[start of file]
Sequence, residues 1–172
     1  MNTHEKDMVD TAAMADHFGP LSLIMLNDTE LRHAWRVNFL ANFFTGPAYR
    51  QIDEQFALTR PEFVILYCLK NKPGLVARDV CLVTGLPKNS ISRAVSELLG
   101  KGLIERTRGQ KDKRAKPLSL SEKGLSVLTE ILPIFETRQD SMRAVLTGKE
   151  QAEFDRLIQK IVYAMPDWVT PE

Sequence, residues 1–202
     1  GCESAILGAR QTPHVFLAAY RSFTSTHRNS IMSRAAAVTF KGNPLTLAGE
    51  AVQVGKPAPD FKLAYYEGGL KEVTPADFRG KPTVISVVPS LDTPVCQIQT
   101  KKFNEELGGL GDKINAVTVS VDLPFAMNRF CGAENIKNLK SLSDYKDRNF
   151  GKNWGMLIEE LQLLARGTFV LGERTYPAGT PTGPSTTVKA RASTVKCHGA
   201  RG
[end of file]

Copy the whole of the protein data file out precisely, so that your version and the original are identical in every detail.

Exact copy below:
Sequence, residues 1–172
     1  MNTHEKDMVD TAAMADHFGP LSLIMLNDTE LRHAWRVNFL ANFFTGPAYR
    51  QIDEQFALTR PEFVILYCLK NKPGLVARDV CLVTGLPKNS ISRAVSELLG
   101  KGLIERTRGQ KDKRAKPLSL SEKGLSVLTE ILPIFETRQD SMRAVLTGKE
   151  QAEFDRLIQK IVYAMPDWVT PE

Sequence, residues 1–202
     1  GCESAILGAR QTPHVFLAAY RSFTSTHRNS IMSRAAAVTF KGNPLTLAGE
    51  AVQVGKPAPD FKLAYYEGGL KEVTPADFRG KPTVISVVPS LDTPVCQIQT
   101  KKFNEELGGL GDKINAVTVS VDLPFAMNRF CGAENIKNLK SLSDYKDRNF
   151  GKNWGMLIEE LQLLARGTFV LGERTYPAGT PTGPSTTVKA RASTVKCHGA
   201  RG